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Breaking Out of the Institution Is More Important Than Fitting in in CREEDMORIA Film

 

Bubbling over with a much-needed dose of optimism is Creedmoria, director Alicia Slimmer's feature debut based loosely on her experiences growing up in 1980s-era Queens, New York, in the shadow of the Creedmoor Psychiatric Center.

See Creedmoria at Cinema Village (22 East 12th Street) on Friday, February 24 as part of the Winter Film Awards 6th Annual Indie Film Festival.

Since taking home the Audience Favorite Award at the Brooklyn Film Festival last June, this quirky coming-of-age story has continued to strike a hope-filled chord with viewers, largely thanks to its teen-aged heroine, Candy, energetically played by Stef Dawson (The Hunger Games). A spunky, Pippi Longstockings-type with a heart of gold, Candy longs to break free from an institution not so dissimilar from the mental hospital looming across the street - her seriously dysfunctional family.

Though the family ties - including a tyrannical mother (a terrific Rachel deBenedet), recently deceased father, drug-addicted older brother, and sexuality-grappling younger brother - may have involved some creative license for Slimmer, Candy's desire to ditch suburbia and its analogous normalcy certainly rings true to her own life.

"No offense to Queens, but I just couldn't wait to hightail it out of there as a kid. It just felt so small town to me," Slimmer explained. "You can see the Manhattan skyline from parts of the LIE or various parts of Queens, and it was kind of like the Emerald City. Manhattan always felt within my reach and it always felt completely far away, like as completely far away as for someone who grew up in California or the Midwest. 'How to get there?' was always something that I kind of wrestled with."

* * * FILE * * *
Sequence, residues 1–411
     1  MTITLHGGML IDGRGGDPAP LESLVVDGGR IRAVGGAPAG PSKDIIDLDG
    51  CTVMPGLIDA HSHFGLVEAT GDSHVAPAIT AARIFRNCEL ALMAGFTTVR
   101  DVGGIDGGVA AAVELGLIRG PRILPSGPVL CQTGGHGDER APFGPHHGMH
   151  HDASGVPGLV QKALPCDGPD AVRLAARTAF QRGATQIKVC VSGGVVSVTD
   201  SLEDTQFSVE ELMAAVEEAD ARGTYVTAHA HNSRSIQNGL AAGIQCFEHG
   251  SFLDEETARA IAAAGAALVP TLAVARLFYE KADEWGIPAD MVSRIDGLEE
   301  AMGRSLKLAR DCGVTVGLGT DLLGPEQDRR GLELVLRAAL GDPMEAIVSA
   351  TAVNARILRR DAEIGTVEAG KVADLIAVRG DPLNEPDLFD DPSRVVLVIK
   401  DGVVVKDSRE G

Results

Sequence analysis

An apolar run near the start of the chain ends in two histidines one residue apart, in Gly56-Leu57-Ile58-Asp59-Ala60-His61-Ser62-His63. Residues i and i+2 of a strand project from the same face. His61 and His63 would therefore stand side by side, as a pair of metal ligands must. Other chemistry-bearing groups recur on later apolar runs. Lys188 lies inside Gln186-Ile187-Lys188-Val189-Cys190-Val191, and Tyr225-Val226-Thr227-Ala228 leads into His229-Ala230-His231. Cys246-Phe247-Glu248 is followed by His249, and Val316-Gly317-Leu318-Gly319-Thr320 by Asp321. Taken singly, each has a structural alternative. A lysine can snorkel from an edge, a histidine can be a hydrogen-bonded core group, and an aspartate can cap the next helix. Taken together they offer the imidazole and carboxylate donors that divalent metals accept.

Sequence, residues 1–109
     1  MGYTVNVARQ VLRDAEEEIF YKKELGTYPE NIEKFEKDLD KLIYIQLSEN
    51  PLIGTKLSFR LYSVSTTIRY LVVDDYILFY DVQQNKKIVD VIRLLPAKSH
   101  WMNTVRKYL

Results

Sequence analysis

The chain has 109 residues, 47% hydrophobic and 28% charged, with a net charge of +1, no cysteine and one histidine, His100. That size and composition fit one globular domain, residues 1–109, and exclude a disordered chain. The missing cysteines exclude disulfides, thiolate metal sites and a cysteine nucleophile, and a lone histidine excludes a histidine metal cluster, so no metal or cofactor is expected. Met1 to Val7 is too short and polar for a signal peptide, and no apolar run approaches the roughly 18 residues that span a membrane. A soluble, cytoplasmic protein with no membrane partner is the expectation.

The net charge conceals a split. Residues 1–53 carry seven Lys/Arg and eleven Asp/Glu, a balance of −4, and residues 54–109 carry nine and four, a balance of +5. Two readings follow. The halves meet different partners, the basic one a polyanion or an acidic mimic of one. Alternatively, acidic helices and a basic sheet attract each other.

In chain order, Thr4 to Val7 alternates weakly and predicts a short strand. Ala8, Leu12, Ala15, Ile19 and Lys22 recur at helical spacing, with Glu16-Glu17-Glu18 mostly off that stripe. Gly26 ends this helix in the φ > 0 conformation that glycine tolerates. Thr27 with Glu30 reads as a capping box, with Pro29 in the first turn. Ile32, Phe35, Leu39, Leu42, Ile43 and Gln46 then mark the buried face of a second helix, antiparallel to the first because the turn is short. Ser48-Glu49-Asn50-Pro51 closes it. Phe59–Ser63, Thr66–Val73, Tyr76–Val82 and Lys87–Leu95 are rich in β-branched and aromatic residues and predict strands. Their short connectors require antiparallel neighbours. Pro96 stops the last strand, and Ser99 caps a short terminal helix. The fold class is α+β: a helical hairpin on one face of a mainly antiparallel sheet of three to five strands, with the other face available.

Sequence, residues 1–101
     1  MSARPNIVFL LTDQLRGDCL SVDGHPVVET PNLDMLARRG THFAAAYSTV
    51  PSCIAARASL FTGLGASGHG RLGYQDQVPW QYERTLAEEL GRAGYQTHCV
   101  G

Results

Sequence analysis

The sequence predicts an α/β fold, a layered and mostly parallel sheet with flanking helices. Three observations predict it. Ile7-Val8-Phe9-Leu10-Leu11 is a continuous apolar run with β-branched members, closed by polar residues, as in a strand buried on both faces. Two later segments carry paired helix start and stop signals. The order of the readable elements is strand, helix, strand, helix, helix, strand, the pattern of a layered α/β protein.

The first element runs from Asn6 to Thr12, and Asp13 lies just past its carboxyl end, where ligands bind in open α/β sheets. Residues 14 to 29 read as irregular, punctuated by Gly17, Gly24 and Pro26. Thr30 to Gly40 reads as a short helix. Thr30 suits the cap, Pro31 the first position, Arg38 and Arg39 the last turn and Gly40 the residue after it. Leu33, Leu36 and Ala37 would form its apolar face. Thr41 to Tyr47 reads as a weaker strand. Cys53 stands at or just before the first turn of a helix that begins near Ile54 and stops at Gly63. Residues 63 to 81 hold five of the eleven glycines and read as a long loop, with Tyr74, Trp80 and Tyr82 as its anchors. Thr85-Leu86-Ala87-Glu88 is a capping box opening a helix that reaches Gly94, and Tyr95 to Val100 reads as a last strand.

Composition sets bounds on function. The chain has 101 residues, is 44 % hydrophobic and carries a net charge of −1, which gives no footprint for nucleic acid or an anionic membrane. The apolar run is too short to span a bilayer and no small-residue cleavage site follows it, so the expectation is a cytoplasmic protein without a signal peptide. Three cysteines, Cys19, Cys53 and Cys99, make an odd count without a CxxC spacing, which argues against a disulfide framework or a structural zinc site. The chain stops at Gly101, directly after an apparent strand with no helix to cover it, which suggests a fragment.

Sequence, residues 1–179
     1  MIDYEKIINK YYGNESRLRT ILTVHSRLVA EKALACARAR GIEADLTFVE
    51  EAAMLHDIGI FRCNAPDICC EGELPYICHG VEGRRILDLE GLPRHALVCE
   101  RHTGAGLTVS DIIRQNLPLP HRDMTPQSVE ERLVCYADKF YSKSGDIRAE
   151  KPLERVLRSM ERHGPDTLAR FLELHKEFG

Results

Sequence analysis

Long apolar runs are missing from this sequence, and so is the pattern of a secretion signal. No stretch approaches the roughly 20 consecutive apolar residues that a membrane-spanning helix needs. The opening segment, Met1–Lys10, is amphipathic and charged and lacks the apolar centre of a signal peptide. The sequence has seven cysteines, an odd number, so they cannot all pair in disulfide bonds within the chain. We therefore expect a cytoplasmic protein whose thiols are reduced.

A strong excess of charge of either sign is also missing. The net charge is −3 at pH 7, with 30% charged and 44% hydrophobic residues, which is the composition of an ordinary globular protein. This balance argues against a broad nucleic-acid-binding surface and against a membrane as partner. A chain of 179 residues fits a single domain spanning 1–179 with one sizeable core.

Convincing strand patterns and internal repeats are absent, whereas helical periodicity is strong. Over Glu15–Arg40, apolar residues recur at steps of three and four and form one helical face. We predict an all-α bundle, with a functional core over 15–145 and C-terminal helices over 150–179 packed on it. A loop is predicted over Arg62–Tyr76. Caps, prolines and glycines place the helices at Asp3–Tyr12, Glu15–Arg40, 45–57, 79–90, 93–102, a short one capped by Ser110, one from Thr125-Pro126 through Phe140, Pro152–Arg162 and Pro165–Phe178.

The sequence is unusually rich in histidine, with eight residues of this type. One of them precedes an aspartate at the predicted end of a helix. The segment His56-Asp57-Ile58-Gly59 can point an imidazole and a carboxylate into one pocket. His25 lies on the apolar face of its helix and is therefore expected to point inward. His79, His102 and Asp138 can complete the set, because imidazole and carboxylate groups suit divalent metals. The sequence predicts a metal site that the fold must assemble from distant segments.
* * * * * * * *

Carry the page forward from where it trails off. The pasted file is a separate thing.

Now, though, Slimmer admits to seeing Queens and Creedmoor - the state's largest facility of its kind - through a slightly different lens.

"Now when I drive home to my mom's, who still lives in Queens, Creedmoor is the biggest building that sticks out. It's the tallest building around," she said. "I was laughing to myself the other day, thinking, 'Oh my gosh, that's the Emerald City. You know? It's kind of the focal point. You can't miss it."

Today, Slimmer and her family reside in Brooklyn - "I made it!" she said with a laugh - but her similarities to Creedmoria's darling lead don't end there. Slimmer also admitted to modeling Candy's rose-tinted view of the world on her own outlook. And without that sanguinity and willingness to persevere, there's a decent chance the movie - which took 10 years to complete - would never have been made.

"We had this great reading in 2009 at The Players (club) with the hope of securing hundreds of thousands dollars that night," Slimmer recalled. "The feedback was incredible, and people were telling me that I was shooting too low to make it for a million, that I should be shooting for two to five million - but then there was no money to be had."

Following the immediate aftermath of the housing bubble burst and recession, funds for first-time movie-makers like Slimmer were scarce. For a while, she began to consider the project a lost cause and felt "deflated," until an exchange with her husband made her view her circumstances in a new light.